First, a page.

US History - Unit 4 - Roaring Twenties
Terms in this set (24)
The decade of the 1920's which got this nickname because of the era's prosperity, excitement, and social change
Return to Normalcy
President Harding's idea that after WWI, the United States should get back to a policy favoring business, growth, and isolationism
Any intense period of panic after the 1917 Russian Revolution, when many Americans feared the spread of communism.
Teapot Dome Scandal
A Harding administration scandal involving a former United States Navy oil reserve in Wyoming that was secretly leased to a private oil company in 1921
Warren G. Harding
Elected President in 1920, he wanted to return the United States to a traditional isolationist foreign policy. Died while in office.
President from 1923-1929, and symbolized the old-fashioned values of honesty and thrift. His pro-business motto - "The business of America is business."
Republican became President in 1929. He made little response to the growing Depression crisis, feeling that Americans should work their way out of the crisis, and rely on private charities. His Reconstruction Finance Act gave loans to businesses and banks.
The belief that Americans can succeed on their own and that government assistance would undermine the incentive to work. Associated with President Hoover
The American manufacturer of automobiles who pioneered mass production and the use of the assembly line during his introduction of the Model T car.
The social experiment from 1919-1933 that banned the sale or manufacture of alcoholic drinks in the USA, and led to a rise in organized crime.
She advocated women's rights, suffrage, and prison reform, but it best known as one of the most outspoken voices of the Temperance movement, which led to Prohibition in 1919.
The 1919 Constitutional amendment that banned the sale of alcoholic drinks in the United States.
Twenty First Amendment
Passed to repeal the 18th Amendment in 1933. Based on recommendation of the Wickersham Commission that Prohibition had lead to a vast increase in crime.
Scopes "Monkey Trial"
1925, the trial that pitted the teaching of Darwin's theory of evolution against biblical creationism in Tennessee. Seen as a clash between traditionalists and modernists.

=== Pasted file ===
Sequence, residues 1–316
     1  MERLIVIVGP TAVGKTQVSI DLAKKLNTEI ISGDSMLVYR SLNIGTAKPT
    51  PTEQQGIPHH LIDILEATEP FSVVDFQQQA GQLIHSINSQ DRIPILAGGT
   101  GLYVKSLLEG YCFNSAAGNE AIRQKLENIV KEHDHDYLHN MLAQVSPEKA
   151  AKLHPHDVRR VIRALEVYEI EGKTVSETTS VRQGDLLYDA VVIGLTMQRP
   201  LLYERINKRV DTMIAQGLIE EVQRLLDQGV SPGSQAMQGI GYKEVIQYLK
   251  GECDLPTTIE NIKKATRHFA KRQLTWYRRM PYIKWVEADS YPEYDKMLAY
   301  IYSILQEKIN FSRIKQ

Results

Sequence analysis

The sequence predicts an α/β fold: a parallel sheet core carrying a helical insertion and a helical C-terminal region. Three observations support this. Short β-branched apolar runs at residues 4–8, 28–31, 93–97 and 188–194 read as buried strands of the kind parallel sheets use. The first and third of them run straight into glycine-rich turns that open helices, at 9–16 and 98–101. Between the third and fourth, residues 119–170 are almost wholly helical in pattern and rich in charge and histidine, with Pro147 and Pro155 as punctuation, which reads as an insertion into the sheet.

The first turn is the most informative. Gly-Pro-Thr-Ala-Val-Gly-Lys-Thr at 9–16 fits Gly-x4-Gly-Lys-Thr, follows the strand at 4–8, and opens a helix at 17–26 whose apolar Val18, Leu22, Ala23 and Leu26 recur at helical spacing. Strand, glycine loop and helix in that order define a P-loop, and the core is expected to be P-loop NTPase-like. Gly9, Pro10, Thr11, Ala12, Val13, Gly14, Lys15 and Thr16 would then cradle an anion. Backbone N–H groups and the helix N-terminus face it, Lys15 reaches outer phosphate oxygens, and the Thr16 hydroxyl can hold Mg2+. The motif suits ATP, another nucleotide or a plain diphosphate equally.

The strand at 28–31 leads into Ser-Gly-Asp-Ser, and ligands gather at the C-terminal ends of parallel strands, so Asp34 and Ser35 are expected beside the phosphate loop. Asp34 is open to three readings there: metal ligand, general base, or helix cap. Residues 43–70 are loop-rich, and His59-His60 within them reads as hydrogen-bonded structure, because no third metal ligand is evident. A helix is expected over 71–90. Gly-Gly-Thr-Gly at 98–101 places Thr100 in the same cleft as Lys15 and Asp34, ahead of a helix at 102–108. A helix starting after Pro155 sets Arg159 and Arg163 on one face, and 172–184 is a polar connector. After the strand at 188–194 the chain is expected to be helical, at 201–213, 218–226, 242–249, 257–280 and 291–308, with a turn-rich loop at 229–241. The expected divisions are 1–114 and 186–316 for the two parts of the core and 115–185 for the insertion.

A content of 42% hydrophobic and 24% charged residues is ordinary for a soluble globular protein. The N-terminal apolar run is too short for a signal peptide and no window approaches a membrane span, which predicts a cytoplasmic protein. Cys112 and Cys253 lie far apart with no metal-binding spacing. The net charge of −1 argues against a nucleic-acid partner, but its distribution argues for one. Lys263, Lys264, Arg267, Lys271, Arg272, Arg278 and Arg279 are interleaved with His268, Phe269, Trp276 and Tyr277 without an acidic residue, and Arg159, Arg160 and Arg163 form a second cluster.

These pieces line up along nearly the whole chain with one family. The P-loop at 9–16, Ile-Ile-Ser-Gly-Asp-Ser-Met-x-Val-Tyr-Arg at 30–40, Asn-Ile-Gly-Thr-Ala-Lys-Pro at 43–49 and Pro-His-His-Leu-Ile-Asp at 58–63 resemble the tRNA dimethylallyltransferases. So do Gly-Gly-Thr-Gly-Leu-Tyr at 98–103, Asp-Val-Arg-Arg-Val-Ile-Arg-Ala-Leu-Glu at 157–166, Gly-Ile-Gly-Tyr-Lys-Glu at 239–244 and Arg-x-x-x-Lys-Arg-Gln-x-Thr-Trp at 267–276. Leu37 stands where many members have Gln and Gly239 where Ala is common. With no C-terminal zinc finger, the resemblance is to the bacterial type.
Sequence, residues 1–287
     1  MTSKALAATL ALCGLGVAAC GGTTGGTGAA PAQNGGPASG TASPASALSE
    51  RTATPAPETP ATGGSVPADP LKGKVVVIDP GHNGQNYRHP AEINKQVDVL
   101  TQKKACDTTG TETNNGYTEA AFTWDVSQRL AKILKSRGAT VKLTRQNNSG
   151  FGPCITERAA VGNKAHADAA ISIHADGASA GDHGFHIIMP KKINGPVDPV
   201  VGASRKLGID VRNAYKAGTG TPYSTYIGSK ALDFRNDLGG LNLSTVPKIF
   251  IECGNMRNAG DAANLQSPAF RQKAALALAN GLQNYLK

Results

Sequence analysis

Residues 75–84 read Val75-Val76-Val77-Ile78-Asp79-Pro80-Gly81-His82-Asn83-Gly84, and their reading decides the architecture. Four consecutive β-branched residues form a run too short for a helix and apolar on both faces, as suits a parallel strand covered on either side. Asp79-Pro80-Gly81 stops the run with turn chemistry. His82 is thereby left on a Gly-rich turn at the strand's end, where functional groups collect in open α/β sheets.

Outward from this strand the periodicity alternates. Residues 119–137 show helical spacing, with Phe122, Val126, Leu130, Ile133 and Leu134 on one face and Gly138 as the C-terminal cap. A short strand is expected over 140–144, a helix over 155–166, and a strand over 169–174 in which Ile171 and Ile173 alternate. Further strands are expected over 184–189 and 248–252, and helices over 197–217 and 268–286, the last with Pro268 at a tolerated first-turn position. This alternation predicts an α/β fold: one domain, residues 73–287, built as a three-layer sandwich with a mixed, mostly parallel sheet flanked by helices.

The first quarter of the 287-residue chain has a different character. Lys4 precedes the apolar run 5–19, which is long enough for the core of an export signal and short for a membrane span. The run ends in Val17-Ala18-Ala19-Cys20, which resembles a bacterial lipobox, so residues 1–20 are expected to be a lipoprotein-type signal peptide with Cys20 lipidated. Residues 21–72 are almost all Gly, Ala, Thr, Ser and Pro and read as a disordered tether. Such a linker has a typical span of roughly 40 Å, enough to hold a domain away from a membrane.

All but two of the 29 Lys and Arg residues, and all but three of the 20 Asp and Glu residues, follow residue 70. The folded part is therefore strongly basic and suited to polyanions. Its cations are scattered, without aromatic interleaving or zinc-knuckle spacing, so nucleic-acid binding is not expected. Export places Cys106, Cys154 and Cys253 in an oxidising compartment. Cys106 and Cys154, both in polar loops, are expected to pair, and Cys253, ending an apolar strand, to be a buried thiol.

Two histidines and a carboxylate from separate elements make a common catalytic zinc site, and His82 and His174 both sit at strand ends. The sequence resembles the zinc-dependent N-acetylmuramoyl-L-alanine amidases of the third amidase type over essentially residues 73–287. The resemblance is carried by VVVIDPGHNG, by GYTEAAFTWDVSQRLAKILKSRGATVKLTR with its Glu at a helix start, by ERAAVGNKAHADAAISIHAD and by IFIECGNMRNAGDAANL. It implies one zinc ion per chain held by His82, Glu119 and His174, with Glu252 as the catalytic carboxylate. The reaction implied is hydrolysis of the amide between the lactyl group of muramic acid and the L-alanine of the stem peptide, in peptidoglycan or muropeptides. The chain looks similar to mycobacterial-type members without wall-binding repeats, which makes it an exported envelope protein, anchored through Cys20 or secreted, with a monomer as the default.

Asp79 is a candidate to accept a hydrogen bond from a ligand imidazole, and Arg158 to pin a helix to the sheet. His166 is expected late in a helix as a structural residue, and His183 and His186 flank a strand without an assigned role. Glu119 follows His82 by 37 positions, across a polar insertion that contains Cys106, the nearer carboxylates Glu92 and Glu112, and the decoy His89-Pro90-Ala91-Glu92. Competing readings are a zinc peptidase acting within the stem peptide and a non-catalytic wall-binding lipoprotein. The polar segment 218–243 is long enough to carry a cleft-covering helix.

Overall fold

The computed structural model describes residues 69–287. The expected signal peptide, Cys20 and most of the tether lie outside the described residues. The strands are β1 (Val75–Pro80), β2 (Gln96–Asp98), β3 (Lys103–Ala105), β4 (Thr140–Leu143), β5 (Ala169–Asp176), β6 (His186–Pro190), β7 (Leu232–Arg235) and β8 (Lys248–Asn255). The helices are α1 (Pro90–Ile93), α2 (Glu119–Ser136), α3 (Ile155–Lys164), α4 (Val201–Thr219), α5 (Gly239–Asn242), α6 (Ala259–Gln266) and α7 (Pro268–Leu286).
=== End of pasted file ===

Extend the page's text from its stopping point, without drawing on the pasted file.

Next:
United States lawyer and co-founder of the ACLU, he defended John Scopes during the "Monkey Trial" of 1925.
Series of laws from 1921 that attempted to stop immigration from Southern and Eastern Europe as a response to nativist sentiment. Banned Asian immigrated entirely.
The pseudo-scientific belief that the human race could be improved through breeding. The beliefs promoted by American Charles Davenport including forced sterilization and marriage restrictions. Spread from the USA to Germany.
Young women in the 1920s who rebelled against traditional ways of thinking and acting, while demonstrating new economic independence.
Tin Pan Alley
A New York district where composers and publishers created popular music and sold sheet music for play at home.
movement of over 2 million African Americans from the rural south into Northern cities between 1910 and 1930 in search of jobs and to escape sharecropping.
A flowering of African American culture in the 1920s; instilled interest in African American culture and pride and confidence in their future, marked by accomplishments in poetry, literature, and music.
Recognized as one of America's finest poets, he was drawn to Harlem and wrote about his experiences as an African American.
founder of Universal Negro Improvement Association, he spoke against racism faced by returning African American soldiers after WWI, and began the Back-to-African movement.
United States aviator who in 1927 made the first solo nonstop flight across the Atlantic Ocean; he became the greatest hero of the Jazz Age and a worldwide celebrity.